Are you working on your Cherry Pie again,” she asks me. I was indeed busy configuring the Raspberry Pi to control my new fully automated brewery. My days of using malt extract and stirring a pot on the stove was over. I wanted to be a true artist and start all-grain brewing.
A Heat Exchange Recirculating Mash System (HERMS) was chosen as the perfect process to implement. For most home brewers, controlling the temperature is all that is needed, but I wanted to control as many variables as possible.
A control philosophy was developed for 12 steps in the HERMS stage. The fermentation stage required 5 steps, while a final clean-in-place stage required 11 steps. To achieve this, 28 inputs (temperature, level, flow) and outputs (pumps, valves, heating elements, motors) was needed.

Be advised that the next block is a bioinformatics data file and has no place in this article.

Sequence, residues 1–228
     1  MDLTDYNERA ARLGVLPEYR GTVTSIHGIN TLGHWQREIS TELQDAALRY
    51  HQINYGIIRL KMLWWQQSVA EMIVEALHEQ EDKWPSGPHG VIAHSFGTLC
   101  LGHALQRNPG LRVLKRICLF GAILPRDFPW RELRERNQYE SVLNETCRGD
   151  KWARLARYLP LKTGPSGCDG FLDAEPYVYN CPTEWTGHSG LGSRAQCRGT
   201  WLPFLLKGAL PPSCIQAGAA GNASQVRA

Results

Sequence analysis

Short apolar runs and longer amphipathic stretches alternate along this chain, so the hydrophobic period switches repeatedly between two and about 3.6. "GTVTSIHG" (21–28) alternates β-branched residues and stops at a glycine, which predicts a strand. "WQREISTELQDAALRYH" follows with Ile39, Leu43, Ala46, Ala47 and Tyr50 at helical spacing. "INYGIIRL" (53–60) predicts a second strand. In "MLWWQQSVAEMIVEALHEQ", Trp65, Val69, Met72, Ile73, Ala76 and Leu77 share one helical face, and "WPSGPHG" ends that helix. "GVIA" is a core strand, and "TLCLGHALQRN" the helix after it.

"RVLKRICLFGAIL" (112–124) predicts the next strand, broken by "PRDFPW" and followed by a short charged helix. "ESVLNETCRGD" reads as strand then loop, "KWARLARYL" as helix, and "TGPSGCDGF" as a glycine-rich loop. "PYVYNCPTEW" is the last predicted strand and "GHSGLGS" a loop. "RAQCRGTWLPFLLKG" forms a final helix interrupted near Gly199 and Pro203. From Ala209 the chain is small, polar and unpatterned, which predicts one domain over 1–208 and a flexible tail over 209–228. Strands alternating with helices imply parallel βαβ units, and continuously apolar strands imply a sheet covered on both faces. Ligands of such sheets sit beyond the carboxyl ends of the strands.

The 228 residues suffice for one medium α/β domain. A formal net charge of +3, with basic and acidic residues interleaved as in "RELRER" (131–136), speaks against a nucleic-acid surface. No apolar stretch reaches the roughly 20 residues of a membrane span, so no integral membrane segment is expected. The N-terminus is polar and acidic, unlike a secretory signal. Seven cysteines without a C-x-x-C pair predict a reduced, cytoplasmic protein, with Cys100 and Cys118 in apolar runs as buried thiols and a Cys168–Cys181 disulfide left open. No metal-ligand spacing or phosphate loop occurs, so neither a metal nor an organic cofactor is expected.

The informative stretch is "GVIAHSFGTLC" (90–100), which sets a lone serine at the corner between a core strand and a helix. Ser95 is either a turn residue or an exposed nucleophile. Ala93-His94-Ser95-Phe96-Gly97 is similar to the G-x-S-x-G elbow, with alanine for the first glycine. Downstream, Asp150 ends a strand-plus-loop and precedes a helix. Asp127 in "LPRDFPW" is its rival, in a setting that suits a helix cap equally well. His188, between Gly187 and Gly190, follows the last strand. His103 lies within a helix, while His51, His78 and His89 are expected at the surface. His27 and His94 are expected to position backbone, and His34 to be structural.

The Raspberry Pi is a microcomputer, running the Linux operating system. It is low cost and supports other low cost instruments. A circuit board was designed to facilitate the connection between the Raspberry Pi and instruments. A decentralised control strategy with Proportional Integral Differential (PID) control, and the timing sequence for switching the equipment, was executed with Python code. It was also setup to serve as a control panel that could be accessed remotely over the internet. All the major electrical components were safely enclosed in a control box.
Magnetically coupled pumps where selected to drive the process liquids and solenoid valves controlled the flow. Three stainless steel vessels were used and equipped with fittings to connect to the silicon piping system. A custom actuated control valve was also designed.
There are several components still missing in the design and an advanced process control strategy will be considered for the future.
This is how the Cherry Pie Brewery was born.